Forget failing eyesight and 2 a.m. trips to the bathroom; middle age truly began yesterday, when I accompanied my friend Teduardo to Golf Mart in San Bruno and came away with my own full set of Taylor Made clubs and a slick little black-and-white golf bag. That the clubs were an early Father's Day present confirmed it: I'm not turning into my dad, I'm turning into someone else's dad.
Okay, maybe that's a little premature, but don't deny that over half of you out there are splitting a gut right now because Mr. Oddball got golf clubs for Father's Day. Next year, I suppose, I'll get a tie. Soon I will develop an appreciation for Buick Le Sabres. My wardrobe of jeans and shorts? Cast aside for one comprised of Haggar slacks. It is all over now. You will find me at the driving range, lost in the rough or knocking back Old Granddad on the rocks at The Nineteenth Hole.
Sandra Bullock and I have been talking about taking up golf for several years. "It'll be our old age sport," she'd say in measured tones. Either old age came sooner than we thought or my invite to Teduardo's mid-summer Lake Tahoe golf weekend sparked in me a desire to follow a very small ball around beautifully manicured lawns, because there I was on Sunday afternoon, trying out different seven irons at Golf Mart while Ted offered instruction from the sidelines. "Make a wall behind the ball," he advised soothingly as I demo'ed two separate pitching wedges. "Widen your stance," he said as I gripped a driver.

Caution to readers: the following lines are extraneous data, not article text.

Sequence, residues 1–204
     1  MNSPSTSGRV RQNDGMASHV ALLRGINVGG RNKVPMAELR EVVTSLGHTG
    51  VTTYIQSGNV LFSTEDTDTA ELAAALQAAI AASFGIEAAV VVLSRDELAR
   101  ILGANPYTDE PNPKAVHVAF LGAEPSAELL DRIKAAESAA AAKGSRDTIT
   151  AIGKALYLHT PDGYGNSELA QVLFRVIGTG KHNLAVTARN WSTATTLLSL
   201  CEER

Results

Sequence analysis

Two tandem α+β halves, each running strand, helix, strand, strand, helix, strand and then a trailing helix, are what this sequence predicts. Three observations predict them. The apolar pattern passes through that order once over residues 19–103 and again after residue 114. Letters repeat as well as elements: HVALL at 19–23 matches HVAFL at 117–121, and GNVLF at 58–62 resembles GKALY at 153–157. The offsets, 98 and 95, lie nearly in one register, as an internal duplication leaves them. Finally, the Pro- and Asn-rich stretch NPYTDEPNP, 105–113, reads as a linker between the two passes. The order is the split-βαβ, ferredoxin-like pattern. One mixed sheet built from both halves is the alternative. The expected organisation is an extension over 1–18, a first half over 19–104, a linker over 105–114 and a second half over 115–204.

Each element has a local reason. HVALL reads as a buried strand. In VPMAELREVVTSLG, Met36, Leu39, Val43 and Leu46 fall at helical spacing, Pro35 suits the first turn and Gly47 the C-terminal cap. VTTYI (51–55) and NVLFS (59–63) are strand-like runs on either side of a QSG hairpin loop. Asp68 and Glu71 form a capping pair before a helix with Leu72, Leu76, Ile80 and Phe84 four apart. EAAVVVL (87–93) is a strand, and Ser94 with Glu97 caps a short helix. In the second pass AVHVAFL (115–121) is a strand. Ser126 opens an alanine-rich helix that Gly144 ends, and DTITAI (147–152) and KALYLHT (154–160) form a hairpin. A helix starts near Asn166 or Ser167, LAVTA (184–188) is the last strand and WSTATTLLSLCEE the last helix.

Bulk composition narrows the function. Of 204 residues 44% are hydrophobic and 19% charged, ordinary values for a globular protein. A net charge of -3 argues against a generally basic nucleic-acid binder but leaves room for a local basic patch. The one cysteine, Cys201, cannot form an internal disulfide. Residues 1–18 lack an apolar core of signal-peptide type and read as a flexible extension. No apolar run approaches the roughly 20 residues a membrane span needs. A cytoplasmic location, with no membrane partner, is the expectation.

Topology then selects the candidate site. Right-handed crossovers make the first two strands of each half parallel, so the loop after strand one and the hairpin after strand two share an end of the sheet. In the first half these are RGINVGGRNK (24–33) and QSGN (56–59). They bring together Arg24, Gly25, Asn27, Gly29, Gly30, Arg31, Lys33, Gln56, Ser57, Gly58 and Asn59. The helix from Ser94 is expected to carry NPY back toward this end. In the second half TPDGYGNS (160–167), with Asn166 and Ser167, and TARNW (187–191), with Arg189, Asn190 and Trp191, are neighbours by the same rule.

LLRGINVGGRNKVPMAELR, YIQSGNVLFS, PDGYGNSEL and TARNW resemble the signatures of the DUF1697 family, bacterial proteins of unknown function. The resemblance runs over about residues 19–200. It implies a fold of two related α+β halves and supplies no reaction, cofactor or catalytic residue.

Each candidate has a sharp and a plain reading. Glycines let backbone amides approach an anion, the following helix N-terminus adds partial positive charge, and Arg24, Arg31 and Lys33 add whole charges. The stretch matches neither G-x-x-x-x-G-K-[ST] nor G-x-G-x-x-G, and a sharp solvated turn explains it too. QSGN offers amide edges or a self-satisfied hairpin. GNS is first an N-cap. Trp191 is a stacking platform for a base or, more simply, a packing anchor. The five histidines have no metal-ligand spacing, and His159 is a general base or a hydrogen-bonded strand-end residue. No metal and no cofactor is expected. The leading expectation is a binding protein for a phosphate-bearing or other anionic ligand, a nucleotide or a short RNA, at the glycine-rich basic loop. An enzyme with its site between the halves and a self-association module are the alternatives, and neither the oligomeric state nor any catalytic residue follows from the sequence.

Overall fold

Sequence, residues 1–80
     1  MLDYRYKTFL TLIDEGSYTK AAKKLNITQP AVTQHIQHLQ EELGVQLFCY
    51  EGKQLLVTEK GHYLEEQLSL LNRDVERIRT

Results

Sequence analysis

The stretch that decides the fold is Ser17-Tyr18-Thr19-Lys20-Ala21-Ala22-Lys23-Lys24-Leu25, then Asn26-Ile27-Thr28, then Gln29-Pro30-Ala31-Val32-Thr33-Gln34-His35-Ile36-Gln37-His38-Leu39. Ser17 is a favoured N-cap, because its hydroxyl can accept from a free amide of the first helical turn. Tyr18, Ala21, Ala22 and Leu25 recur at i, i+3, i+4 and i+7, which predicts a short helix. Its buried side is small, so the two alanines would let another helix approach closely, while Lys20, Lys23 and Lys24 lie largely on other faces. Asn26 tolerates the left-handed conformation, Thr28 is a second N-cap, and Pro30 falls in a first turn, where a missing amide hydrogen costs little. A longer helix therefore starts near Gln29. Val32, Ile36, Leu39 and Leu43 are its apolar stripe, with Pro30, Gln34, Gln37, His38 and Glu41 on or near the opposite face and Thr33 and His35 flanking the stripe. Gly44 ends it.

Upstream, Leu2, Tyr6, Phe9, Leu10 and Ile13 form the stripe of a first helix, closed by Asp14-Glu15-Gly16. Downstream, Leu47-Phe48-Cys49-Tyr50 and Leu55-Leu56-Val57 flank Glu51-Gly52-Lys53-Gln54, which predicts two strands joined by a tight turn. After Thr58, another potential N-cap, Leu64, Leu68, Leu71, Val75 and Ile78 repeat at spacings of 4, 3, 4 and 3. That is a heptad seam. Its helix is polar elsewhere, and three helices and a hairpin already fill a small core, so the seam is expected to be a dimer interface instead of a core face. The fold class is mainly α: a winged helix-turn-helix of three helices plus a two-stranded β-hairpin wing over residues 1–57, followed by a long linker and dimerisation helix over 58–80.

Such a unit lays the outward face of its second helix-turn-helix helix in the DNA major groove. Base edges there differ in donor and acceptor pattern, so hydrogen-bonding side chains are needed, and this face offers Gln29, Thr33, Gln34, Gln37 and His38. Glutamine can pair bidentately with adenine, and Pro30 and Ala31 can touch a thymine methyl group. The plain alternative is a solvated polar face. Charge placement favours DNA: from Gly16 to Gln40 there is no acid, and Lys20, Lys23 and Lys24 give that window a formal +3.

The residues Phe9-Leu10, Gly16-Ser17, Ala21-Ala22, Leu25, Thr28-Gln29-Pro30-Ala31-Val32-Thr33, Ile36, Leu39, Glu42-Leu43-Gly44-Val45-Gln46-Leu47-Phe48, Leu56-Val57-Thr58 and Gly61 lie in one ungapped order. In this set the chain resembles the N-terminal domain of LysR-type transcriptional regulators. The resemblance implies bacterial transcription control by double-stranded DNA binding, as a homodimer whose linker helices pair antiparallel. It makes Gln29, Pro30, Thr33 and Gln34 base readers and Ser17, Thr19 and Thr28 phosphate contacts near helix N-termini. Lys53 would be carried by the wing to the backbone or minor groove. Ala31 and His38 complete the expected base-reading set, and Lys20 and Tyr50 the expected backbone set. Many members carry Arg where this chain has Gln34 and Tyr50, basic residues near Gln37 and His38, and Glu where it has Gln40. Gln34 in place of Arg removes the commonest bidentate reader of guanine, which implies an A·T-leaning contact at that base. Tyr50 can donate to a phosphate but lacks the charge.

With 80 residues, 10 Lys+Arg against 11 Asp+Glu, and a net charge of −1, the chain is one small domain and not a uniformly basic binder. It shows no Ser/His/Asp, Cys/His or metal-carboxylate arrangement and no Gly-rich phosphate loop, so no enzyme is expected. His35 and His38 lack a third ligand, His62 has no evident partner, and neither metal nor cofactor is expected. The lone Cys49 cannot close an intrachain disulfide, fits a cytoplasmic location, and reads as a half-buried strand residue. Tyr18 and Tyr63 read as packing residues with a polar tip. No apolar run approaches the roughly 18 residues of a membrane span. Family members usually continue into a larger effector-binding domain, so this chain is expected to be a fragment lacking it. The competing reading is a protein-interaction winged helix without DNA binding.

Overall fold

When we arrived at the decision to buy golf clubs, I assumed it would work like this: talk about it for a few weeks, announce "I am going to do research" and go to a few web sites, then head down to Sports Authority and pick up the cheapest clubs I could find. The only reason why I was buying clubs instead of renting was because, as a lefthander, I figured it would be near to impossible to find clubs to rent. Also, Teduardo told me that a weekend of renting would end up costing not much less than buying.
My thinking was that, like with modern motorcycles, golf club technology had advanced to the point where the worst possible set of golf clubs were still well past the upper reaches of my talent. Though I rode a Ducati in the 1990s, I would have been just as well served by a Honda. So, too, did I think that a bottom-end set of Nike clubs would do the trick for me on the links.
We will never know if that theory works, just as we'll never know if I would have been just as happy on a Honda. Once Ted became involved, my throwaway approach to buying golf clubs was thrown away. There would be no trip to Sports Authority. Instead, we would drive to San Bruno, where Golf Mart awaited, big box retail, links-style.
The last time I set foot in a store devoted entirely to golf was 1983. Roger Dunn, the last word in golf in Santa Ana, California, was packed tightly with clubs, bags and accessories. You went in, you picked your set, you left.
The club-buying experience has gained immeasurable depth since 1983. Ted outlined a plan that included separate evaluations of each club, their pitch and depth (?), length and weight. "You don't want to get something that's too much of a blade," he cautioned. "Not for a beginner."
After that, he refused to call me a "beginner." Not only was Ted going to help me choose my clubs, he was also going to mentor me to the point where, come Tahoe, I'd be able to hold my own amidst a bunch of guys who'd taken this trip every summer since 1996.
Golf Mart had walls full of used sets. There was an entire rack devoted to left-handed clubs. Somewhere else were left-handed woods. I never saw where because instead, Ted simply emerged with armfuls of drivers as I stood in the fake driving range "stall," whacking neon green golf balls with a pitching wedge.
"Try this," he said. "This is the one I use."